Lesson 4: All I Need is Love: The Importance of Building Social and Emotional Resiliency in Young Children

This module highlights the role resiliency plays in helping children “bounce back” from adverse circumstances and the protective factors that help at-risk children “weather the storm.” Families will learn what they can do to help their children develop resiliency.

Developers: Nancy Lovett, Calloway RTC; Nicki Patton, Simpson County RTC

Today’s children face a very different world than the world you and I grew up in. Today’s world is full of risks and threats that could negatively impact children’s development. The world is such a scary place that it must be tempting to want to hide your children away – do whatever it takes to protect them from the dangers that lurk on the internet, in the schools, on the playgrounds and in some cases, even in our homes. ​

Yet we know in reality we can’t do enough to protect children from every danger. We cannot protect our children from the adversity that lies in front of them. ​

But what we can do is help our children develop the skills and characteristics they need to overcome adversity. And that is what this session is all about.​

These are three questions we need to look at.​

First, we will take a brief look  at the threats and risks children face because knowing the dangers is the first step in protecting our children.​

Then, we will discuss the one personal characteristic that research says can offer children the greatest protection, and that is the characteristic of resiliency.  We will define what resiliency is, talk about why it is important and conclude by identifying what you can do as a family to help your children develop resiliency.

One of the biggest threats that our children face statewide is poverty. Almost ¼ of our children live in poverty. ​

And for children living in southeastern Kentucky that number is even higher, almost 1/3. Many of these children live in what is called “extreme poverty” which means their families live at less than ½ of the poverty level, getting by on less than $7610 a year – about $20 a day.​

Annie E Casey, KIDS COUNT, 2009​

Courier-Journal, August 28, 2007​

Another threat our children face is their odds of dropping out of school and/or being born to mothers who are NOT high school graduates. In 2009 alone, 16,000 children dropped out of Kentucky schools.​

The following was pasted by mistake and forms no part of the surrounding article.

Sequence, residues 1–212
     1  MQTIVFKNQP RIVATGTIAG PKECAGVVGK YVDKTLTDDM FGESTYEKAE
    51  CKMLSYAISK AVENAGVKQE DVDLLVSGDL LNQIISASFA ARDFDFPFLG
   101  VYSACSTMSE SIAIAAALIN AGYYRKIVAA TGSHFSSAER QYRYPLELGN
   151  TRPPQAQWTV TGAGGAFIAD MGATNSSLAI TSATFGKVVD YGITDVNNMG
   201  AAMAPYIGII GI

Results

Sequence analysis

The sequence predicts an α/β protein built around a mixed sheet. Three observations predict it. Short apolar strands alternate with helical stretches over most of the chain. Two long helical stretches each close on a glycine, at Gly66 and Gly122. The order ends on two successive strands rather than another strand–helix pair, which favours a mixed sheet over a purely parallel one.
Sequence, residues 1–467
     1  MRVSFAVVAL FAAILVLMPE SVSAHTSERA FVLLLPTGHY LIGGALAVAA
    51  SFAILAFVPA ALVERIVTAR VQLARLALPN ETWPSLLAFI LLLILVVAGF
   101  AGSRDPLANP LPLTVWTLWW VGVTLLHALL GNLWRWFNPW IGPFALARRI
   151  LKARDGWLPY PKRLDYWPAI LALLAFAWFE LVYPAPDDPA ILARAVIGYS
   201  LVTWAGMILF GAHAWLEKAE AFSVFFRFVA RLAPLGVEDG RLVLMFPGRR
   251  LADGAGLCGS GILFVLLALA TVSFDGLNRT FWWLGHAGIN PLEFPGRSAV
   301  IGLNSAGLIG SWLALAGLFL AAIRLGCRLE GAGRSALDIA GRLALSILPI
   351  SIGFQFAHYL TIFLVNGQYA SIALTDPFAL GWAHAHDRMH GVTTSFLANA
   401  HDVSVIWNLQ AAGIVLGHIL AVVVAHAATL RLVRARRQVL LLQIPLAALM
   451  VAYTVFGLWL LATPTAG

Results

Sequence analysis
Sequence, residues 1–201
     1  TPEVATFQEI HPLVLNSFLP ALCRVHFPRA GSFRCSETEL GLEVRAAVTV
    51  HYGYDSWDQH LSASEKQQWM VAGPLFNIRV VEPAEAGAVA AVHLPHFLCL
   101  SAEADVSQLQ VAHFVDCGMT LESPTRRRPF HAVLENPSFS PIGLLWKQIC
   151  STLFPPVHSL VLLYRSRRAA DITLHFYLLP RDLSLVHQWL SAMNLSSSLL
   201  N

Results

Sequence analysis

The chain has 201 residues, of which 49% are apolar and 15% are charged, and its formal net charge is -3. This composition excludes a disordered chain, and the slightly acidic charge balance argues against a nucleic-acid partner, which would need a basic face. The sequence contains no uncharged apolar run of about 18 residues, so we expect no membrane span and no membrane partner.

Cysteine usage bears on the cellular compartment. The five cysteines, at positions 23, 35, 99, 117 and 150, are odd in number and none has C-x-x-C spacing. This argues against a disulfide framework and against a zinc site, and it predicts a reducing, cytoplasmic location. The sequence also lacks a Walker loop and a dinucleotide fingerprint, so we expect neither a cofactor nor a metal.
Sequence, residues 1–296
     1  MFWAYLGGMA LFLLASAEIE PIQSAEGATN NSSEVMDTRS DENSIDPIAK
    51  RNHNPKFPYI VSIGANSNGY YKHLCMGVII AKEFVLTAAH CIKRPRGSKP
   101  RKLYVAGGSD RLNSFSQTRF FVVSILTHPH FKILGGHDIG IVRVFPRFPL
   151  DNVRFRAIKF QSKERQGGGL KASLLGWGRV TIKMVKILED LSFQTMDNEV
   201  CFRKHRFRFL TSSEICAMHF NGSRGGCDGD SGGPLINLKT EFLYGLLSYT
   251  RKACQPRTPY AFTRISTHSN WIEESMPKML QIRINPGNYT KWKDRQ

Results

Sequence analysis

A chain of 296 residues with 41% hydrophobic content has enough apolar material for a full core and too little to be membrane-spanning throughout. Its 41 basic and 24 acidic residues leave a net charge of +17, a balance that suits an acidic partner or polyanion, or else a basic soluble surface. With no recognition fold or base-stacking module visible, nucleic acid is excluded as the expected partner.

And 23% of the children born in Kentucky in 2008  were born to mothers who were NOT high school graduates (Annie Casey Foundation, 2009). And as we all know, a lack of education contributes to the cycle of poverty that we just discussed.​

And yet another threat is the risk of being abused/neglected. Children that are abused/neglected are more likely to abuse alcohol, become addicted to drugs, become pregnant as teenagers, go to prison, and die. It pains me to tell you that Kentucky had the highest rate of death due to child abuse and neglect in 2007.​

Annie E Casey, Kids’ Count, 2009

Researchers call these risks and threats that you just identified “risk factors” because they put children at risk for problems such as drug abuse, teen pregnancy, child abuse, violence and school failure – many of the things that you just identified. ​

The more risk factors present in a child’s life, the higher the odds that the child will not be successful and will become dependent upon drugs, alcohol, etc. This is documented in many research studies including all of the research by Bonnie Benard, Fostering Resiliency in Kids

Yet, all of us know “at risk” children who grew up to become productive, successful members of society.​

The question is why?​

Think of a bouncy ball

The question is why – why are some children successful when faced with the same risks as other children who may not be successful?​

  1. Refer to the Handout What Do You Want for Children?
  2.  Circle the five characteristics you believe are MOST important for children to be successful in “LIFE.”  ​All of the characteristics  help children